[Startup Bharat] Indore-based MomsKart is helping over 500 mompreneurs sell homemade food products
Twenty one-year-old Aman Porwal grew up seeing his mother balance the role of a parent and an entrepreneur seamlessly. The sense of pride and joy in her eyes had prompted the engineer to help his mother’s homemade snacks reach a wider audience.
To begin with, he created a small website and a social media page by the name mom made namkeen wala, and started listing food items made by his mother at home. The success of the platform got Aman thinking how it can help more such mompreneurs connect and monetise their homemade food products like pickles, jams, and snacks, in a much organised manner.
Soon, the platform started for his mother turned into a community of over 500 mompreneurs from various states selling their homemade food products across the country.
These were the sowing seeds of, an ecommerce marketplace selling homemade food items made by mothers. These include non-perishable products like pickles, jams, and snacks, with a minimum shelf life of 25 days.
The startup bug
The evolution of MomsKart from mom made namkeen wala involved a hustle of almost two years for Aman, who was on a constant learning curve.
The entrepreneurial bug had caught the engineer young during his computer science engineering days at Acropolis Institute of Technology and Research, Indore. He was introduced to the e-cell during his first year, and was instantly excited about the startup space.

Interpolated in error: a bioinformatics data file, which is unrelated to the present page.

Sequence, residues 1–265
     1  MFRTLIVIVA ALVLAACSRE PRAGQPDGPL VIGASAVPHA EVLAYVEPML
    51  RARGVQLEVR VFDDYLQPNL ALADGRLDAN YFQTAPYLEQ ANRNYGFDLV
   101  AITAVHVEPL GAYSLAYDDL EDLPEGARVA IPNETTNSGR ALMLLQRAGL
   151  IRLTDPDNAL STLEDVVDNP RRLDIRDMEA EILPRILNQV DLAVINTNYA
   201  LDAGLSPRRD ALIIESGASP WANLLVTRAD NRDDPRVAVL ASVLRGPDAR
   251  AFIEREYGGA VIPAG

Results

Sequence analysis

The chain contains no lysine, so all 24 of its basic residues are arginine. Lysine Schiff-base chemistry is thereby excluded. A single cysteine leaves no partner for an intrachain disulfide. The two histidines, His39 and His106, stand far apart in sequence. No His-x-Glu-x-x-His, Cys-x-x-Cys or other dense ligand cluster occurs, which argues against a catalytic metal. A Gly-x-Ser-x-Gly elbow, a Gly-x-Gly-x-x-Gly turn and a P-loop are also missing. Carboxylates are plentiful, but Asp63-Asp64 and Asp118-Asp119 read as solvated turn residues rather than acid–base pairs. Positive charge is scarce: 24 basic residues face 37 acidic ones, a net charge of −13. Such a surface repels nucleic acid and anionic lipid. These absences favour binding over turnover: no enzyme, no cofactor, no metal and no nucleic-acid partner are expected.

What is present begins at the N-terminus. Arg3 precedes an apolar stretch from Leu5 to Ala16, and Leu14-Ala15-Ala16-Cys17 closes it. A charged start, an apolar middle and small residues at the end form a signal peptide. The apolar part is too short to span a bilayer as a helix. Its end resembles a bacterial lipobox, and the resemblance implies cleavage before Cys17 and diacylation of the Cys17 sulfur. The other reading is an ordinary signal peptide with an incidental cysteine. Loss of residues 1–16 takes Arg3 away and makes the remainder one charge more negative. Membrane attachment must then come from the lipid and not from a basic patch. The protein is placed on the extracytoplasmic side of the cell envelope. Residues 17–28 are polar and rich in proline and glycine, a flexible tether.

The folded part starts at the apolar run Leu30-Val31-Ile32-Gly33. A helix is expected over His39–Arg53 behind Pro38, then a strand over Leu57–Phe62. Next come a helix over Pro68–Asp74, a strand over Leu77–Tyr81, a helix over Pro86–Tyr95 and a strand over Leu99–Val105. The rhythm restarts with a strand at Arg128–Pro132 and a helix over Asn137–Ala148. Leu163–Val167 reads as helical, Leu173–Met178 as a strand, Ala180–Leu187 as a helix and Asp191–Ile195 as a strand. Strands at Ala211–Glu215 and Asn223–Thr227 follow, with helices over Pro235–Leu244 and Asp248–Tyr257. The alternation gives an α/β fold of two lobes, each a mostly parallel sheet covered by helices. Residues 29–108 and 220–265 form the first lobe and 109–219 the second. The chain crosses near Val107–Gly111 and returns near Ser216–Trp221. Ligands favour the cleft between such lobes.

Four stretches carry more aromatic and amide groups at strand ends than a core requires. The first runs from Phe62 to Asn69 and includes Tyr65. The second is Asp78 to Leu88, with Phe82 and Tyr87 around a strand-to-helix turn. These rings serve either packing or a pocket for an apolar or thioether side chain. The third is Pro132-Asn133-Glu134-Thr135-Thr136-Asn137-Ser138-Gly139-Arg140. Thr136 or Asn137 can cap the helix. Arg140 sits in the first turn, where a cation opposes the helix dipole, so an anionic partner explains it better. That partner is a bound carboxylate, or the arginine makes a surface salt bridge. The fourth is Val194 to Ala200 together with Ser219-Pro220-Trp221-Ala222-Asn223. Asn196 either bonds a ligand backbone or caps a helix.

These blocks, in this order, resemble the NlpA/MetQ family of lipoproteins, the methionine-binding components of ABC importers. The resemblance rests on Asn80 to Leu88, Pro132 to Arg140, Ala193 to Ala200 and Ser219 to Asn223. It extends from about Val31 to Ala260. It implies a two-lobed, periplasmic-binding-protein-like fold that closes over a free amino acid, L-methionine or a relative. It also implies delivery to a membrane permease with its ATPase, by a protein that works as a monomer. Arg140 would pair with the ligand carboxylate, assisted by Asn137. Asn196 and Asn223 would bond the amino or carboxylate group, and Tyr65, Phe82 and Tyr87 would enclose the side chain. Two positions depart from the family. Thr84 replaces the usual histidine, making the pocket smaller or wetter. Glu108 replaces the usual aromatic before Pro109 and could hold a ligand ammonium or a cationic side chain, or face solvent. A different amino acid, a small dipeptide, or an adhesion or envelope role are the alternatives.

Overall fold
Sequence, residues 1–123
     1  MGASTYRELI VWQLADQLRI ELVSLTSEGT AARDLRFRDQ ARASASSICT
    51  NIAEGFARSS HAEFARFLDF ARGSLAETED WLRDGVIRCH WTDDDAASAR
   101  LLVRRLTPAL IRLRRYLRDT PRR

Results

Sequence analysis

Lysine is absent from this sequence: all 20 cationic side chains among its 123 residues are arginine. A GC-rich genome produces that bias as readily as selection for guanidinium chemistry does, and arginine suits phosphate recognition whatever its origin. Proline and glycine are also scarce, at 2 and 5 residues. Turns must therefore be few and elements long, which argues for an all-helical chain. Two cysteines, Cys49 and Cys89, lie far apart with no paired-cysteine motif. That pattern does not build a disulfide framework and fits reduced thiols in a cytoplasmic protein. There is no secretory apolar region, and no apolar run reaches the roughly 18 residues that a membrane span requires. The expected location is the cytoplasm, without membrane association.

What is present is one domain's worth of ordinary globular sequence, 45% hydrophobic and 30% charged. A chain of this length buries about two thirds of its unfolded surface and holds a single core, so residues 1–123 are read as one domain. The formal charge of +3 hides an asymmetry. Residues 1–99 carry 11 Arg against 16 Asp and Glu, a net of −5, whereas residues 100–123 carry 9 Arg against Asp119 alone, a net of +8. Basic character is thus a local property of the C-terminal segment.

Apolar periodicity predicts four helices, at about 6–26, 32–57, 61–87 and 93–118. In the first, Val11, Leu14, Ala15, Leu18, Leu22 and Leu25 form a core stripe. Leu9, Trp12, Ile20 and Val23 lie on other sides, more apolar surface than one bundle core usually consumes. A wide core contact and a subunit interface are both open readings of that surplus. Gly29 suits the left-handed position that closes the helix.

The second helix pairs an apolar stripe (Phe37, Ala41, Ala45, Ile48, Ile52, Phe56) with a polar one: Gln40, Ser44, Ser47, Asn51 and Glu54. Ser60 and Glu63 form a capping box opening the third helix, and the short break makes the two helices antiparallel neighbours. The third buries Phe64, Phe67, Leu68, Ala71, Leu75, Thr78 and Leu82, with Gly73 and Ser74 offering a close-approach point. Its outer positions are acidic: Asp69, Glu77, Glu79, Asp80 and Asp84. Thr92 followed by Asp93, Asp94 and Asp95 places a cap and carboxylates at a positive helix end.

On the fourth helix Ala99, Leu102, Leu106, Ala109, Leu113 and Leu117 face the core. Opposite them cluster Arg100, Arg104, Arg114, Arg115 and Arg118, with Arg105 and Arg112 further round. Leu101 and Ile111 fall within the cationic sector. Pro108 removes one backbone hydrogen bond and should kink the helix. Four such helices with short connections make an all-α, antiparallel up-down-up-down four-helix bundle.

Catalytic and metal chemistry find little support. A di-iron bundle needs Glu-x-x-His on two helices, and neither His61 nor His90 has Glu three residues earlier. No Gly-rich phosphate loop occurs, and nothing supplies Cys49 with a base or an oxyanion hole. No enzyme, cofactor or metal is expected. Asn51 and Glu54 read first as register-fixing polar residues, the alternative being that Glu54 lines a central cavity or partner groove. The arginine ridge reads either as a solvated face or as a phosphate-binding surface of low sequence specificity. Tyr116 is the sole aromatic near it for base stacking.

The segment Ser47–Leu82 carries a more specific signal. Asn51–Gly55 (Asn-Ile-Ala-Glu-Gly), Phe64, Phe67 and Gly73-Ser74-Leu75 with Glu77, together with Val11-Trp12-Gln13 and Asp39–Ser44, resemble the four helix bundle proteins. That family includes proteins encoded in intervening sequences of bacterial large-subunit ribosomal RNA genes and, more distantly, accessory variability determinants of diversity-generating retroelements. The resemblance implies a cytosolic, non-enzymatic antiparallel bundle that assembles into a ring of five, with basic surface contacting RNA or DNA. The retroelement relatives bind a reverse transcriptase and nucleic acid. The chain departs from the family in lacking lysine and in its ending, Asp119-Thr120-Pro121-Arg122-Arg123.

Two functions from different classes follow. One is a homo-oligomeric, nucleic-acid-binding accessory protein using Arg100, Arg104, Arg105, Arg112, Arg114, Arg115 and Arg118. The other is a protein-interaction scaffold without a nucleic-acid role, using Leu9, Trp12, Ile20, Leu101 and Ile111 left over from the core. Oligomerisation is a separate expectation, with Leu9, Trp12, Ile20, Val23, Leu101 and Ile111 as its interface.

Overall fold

“I was completely hooked on to the culture and the passion of entrepreneurs. I never missed a seminar, guest lecture, or a workshop around startups, and was determined to do something of my own since the very beginning,” says Aman.
The founder shares an interesting story about his first “informal venture”. Aman had got together a group of juniors to do assignments/projects for final year students, who often missed their lectures owing to preparation of various exams. “I made my entire engineering fees out of that business,” quips Aman.
Instead of being scolded or punished on being caught, Aman was applauded and encouraged by his e-cell professors for daring to do business. “In a way, this gave me a sense of confidence and motivation to make it to the startup world,” he adds.
In the second year of graduation, Aman developed a recyclable baby diaper solution that got featured in the top 25 innovation organised by the Confederation of Indian Industries (CII).
A feedback loop
It took almost two years for Aman to bring MomsKart to the market last year, after he decided to expand mom made namkeen wala in 2019. He managed to loop in one of his childhood friends and a software engineer, Shubham Jain, to build the tech, while Aman took care of the product. Shubham is the Chief Technology Officer (CTO) at MomsKart.
“We aggressively worked on building and improving the platform by introducing a feedback loop. I participated in summits, events, and startups pitches, spoke with a lot of experts, and improved on the product till the time we were confident enough to launch it in the market,” says Aman, who pursued various certification courses around technology simultaneously to gain better understanding.
Through these events, the team won a sizable amount of cash and credit prizes worth $10,000, that was utilised to build Momskart. In 2021, the startup managed to make it to the top 250 startups (out of 85,000 applications) in Shark Tank India.
The platform onboarded its first seller from Indore in 2020. Once the platform was ready, the team started approaching mompreneurs through word-of-mouth and social media. In a span of two to three months, it had onboarded about 25-30 sellers, and the network kept growing. Today, it has sellers from pan-India, including Jammu and Kashmir, Chennai, Jamnagar and Darjeeling.